The End of BR Steam
45255 at Manchester Victoria in March 1968. Photo by David Rostance.
2018 marks the fiftieth anniversary of the end of steam locomotives under British Rail on the mainline. 1968 was a key moment in British transport history as mainline steam traction was finally overtaken by diesel and electric stock for good.
The death knell for steam was struck with the 1955 British Railways Modernisation plan, with a future aim to eradicate steam from the mainline by 1968. Britain, at the time, was not able to fund replacement of all its steam stock straight away, hence the need to wait 13 years for the plan to come to fruition. By 1968, huge parts of the rail network had been closed down following the "Beeching Axe" and the car had increased in popularity substantially. The general public accepted the death of steam as an inevitable and necessary change but there was extensive fondness for the trains we were about to lose forever.
45388 and an unidentified 8F at Burnley in July 1968. Photo by Terry Campbell.
In the final days of steam, swathes of enthusiasts and members of the public alike would head to stations and depots for their last opportunities to see steam traction in action! Railway workers were equally passionate and would adorn "their" locomotives with chalk slogans - mourning the loss of the locomotives, cracking jokes and celebrating them.
44690 & 44899 at Rose Grove in August 1968. Photo by Gordon Edgar.
There were three key dates in August of 1968 that were memorable for various reasons.
3rd August 1968 - The last 'normal' timetabled day of full-scale steam services
4th August 1968 - The official final day of steam services
11th August 1968 - The Fifteen Guinea Special - Final Mainline passenger service
3rd August 1968 - The Last Timetabled Day
48392 at Bolton. Photo by Gordon Edgar.
Crowds of enthusiasts gathered at the final depots operating steam locomotives and in some cases the British Transport Police had to be called to deal with trespassers desperate to get one last look at these locomotives in action. It's unclear as to what was the official "final" freight service that day but several 8Fs and Black 5s working out of Carnforth and Rose Grove were some of the last to return to their depots - being withdrawn after their final trips out. The 4th saw some passenger services still hauled by steam locomotives, on what British Rail had hailed as the official final day for steam services. Huge crowds descended upon Preston station as the 5:05pm working from London Euston arrived. Men in funeral attire marched the platform, hoisting a coffin over their shoulders adorned with slogans regarding the end of steam. 45212 performed a service to Blackpool and upon its return shunted sleeping cars off the 11:45pm Euston-Preston to another platform - this was officially the final time passengers were hauled by a steam loco in normal service. Far more attention was given to the 9:25pm working to Liverpool Exchange, headed by 45318 which was the last 'normal' timetabled service of the day.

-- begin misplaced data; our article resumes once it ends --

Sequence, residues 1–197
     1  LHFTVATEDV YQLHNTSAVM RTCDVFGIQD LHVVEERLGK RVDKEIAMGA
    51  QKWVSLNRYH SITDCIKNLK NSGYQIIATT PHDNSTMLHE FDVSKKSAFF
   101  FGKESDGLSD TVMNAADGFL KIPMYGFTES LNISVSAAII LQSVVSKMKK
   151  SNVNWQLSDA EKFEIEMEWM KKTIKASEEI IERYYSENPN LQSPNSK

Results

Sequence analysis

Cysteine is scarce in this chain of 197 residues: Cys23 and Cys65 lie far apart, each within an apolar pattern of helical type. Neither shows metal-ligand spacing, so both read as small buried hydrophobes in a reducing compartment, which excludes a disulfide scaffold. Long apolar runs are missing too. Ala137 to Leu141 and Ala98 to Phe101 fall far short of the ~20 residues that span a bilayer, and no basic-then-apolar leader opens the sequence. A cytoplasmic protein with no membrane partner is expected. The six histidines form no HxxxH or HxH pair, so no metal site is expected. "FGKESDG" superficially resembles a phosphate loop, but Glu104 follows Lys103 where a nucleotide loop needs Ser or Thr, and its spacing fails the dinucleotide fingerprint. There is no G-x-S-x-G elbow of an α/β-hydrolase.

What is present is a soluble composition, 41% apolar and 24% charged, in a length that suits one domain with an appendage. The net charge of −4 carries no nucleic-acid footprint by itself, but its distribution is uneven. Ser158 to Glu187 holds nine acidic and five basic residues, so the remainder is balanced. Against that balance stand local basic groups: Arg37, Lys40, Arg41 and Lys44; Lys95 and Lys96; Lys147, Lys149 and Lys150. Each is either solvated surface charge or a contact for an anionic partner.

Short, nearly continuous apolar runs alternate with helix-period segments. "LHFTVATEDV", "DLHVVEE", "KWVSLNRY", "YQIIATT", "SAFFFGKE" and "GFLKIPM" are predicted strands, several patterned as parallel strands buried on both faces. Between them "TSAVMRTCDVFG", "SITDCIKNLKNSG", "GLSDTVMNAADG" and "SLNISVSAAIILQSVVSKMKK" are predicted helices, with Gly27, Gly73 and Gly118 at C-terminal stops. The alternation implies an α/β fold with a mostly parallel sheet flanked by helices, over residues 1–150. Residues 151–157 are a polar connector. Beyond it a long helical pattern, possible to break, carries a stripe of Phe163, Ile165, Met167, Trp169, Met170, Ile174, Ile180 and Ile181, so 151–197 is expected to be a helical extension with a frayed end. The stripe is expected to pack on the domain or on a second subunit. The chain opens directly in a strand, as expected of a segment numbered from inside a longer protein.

4th August 1968 - The Official Final Day
Various locomotives at Carnforth. Photo by Gordon Edgar.
Hailed as the last day of steam by British Rail, this was the last day of "normal" steam locomotive workings. However, just two engines had a full head of steam at Rose Grove. 48493 performed some shunting duties, this simple duty comprising the final non-passenger steam working on the network. This was undoubtedly overlooked by enthusiasts who descended upon the North West for six "Farwell to Steam" specials that ran through Lancashire at the same time.
11th August 1968 - The Fifteen Guinea Special
70013 leads 1T57 "The Fifteen Guinea Special" at Ribblehead. Photo by David Rostance.
Occurring one week after the 'official' end of steam, British Rail ran a one-off special working on the national network - "The Fifteen Guinea Special", the name pertaining to the high cost of tickets (roughly £250 with present-day inflation). The excursion began at Liverpool Lime Street, headed to Manchester Victoria and then on to Carlisle over the wonderful Settle-Carlisle route.
The train was hauled by a total of four different locomotives - three LMS Class 5s (45110, 44781 & 44871) as well as Britannia Class 70013 "Oliver Cromwell" - the last steam loco to be overhauled by BR. All but one of the locos has been preserved and since 1968 there have been three re-runs of this iconic railtour.
If you want to recreate the special, you can now pre-order a new anniversary train pack from Hornby, complete with 70013 "Oliver Cromwell" and 3 Mk1 coaches, due into stock in September. Click HERE to order yours.
R3607 - 15 Guinea Special Anniversary Train Pack with Class 7P 4-6-2 70013 "Oliver Cromwell" and 3 Mk1 Coaches - £239